Will a Plaintiff's Attorney See Your Own Medical Records?

By Rice, Berkeley | Medical Economics, October 9, 1995 | Go to article overview

Will a Plaintiff's Attorney See Your Own Medical Records?


Rice, Berkeley, Medical Economics


When Maria Cadena became pregnant in the spring of 1984, she came to the Family Medical Center in McAllen, Texas, for prenatal care. Her primary doctor there during her pregnancy was a first-year family practice resident we'll call Harold Brown.

Court records early in the ensuing malpractice suit identified the physician by his real name. Subsequently, the plaintiffs demanded his medical records, claiming they were needed to prove the allegation that he was impaired. The doctor's fight to protect his privacy then became the major issue in the case. Reflecting his concern, decisions by higher courts omitted his name.

Brown and a senior resident performed a sonogram on Cadena in June, and Brown examined her several more times over the following months. When he saw her in October, near her anticipated delivery date, he noted that she was much larger than expected. So he did another ultrasound exam, with a supervisor present, from which he concluded that she was carrying only one child. He also diagnosed polyhydramnios and possible pre-eclampsia. Brown sent her home, ordering a follow-up evaluation for the next day.

But in the morning, Cadena went into labor and was admitted to McAllen Methodist Hospital. At about 10 a.m., Brown delivered a healthy baby boy. A few minutes later, a nurse discovered that Cadena was carrying a second baby. When that one emerged, he was suffering from asphyxia. Now 11 years old and afflicted with cerebral palsy and spastic quadriplegia, Daniel Cadena is severely retarded both physically and mentally.

In 1991, the Cadenas filed a malpractice claim against Brown, several supervising physicians, the clinic, and the hospital. The suit charged Brown and his colleagues with "failing to properly diagnose, monitor and/or treat" Cadena and alleged that their "negligence" had caused her son's injuries. The suit asked for damages of $30 million.

When the Cadenas' lawyer, Houston attorney Richard Frankel, learned that Brown had been admitted to a mental health facility two months after Daniel's birth, he demanded to see the records of that treatment. He argued that the information would reveal whether Brown had been "impaired" at the time he was treating Cadena, and whether he had a history of mental health problems. Brown moved to block the discovery on the grounds that the release of those records would violate his own patient-physician privilege, and that they were irrelevant to the plaintiff's claim.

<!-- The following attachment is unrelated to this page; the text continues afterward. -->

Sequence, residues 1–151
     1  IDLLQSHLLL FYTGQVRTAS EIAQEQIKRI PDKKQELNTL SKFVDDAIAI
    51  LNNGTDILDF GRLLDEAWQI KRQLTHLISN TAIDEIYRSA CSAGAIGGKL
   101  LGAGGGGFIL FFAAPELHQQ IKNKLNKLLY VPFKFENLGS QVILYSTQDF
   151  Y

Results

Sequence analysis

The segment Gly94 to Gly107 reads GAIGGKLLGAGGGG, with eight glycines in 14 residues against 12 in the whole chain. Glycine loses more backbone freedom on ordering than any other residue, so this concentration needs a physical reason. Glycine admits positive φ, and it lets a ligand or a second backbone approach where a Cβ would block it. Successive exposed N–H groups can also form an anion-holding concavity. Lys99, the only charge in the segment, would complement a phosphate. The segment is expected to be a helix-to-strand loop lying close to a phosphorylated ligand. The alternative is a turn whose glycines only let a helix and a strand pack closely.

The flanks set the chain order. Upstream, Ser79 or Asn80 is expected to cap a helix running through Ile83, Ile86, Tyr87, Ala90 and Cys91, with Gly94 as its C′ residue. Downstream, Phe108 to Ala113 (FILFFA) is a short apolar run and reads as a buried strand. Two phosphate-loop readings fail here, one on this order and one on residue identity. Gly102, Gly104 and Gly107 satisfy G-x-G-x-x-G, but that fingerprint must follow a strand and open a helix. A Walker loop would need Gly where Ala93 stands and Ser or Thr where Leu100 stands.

The trial judge denied his motion and ordered the records released to the plaintiff. Brown petitioned the appellate court to block the release, and in May 1993 that court ruled in his favor, stating that the Cadenas hadn't specifically alleged that Brown's condition was relevant to their claim.

"A party who alleges that the imparied condition of a defendant caused harm has a right to discover information about that defendant's mental or physical condition," the court conceded. But the party making such an allegation must show that it is "at least partly predicated on the patient's physical, emotional, or mental condition." A mere "general allegation of negligence" isn't sufficient grounds to breach the privacy of such information.

What the legal wrangling yielded

Recognizing that the appellate ruling virtually invited the Cadenas to resubmit their complain with more-specific allegations, the doctor took the case to the Texas Supreme Court. San Antonio attorney Rosemary Hollan, who represented him, contended that the appellate judges had erroneously interpreted previous court decisions on physician-patient privilege.

The appellate court's interpretation, she argued, would "invite abusive discovery by a litigant of an adversary's medical records (however irrelevant, stigmatizing, or embarrassing) merely upon an unsworn allegation that the adversary's medical or mental condition is 'at issue.'"

In response, Frankel asserted that Brown's "condition, and the other defendants' knowledge of his condition, form the very essence of the plaintiff's case. …

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